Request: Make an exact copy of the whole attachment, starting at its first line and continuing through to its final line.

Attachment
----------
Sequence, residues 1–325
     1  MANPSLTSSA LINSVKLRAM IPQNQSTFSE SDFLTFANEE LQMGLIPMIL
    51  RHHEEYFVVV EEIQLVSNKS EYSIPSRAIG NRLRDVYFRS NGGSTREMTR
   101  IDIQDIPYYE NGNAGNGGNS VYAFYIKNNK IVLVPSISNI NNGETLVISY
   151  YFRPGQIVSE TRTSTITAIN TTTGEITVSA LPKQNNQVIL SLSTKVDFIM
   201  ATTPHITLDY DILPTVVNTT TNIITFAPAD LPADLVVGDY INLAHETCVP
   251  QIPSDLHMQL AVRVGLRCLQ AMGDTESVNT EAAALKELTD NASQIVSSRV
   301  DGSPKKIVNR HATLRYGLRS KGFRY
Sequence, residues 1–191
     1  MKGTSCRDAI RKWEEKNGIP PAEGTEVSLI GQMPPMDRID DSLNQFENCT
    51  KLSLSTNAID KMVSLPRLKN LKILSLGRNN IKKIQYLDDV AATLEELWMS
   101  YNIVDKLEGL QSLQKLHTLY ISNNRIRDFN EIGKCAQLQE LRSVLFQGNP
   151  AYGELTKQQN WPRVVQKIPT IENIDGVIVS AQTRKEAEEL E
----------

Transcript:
Sequence, residues 1–325
     1  MANPSLTSSA LINSVKLRAM IPQNQSTFSE SDFLTFANEE LQMGLIPMIL
    51  RHHEEYFVVV EEIQLVSNKS EYSIPSRAIG NRLRDVYFRS NGGSTREMTR
   101  IDIQDIPYYE NGNAGNGGNS VYAFYIKNNK IVLVPSISNI NNGETLVISY
   151  YFRPGQIVSE TRTSTITAIN TTTGEITVSA LPKQNNQVIL SLSTKVDFIM
   201  ATTPHITLDY DILPTVVNTT TNIITFAPAD LPADLVVGDY INLAHETCVP
   251  QIPSDLHMQL AVRVGLRCLQ AMGDTESVNT EAAALKELTD NASQIVSSRV
   301  DGSPKKIVNR HATLRYGLRS KGFRY
Sequence, residues 1–191
     1  MKGTSCRDAI RKWEEKNGIP PAEGTEVSLI GQMPPMDRID DSLNQFENCT
    51  KLSLSTNAID KMVSLPRLKN LKILSLGRNN IKKIQYLDDV AATLEELWMS
   101  YNIVDKLEGL QSLQKLHTLY ISNNRIRDFN EIGKCAQLQE LRSVLFQGNP
   151  AYGELTKQQN WPRVVQKIPT IENIDGVIVS AQTRKEAEEL E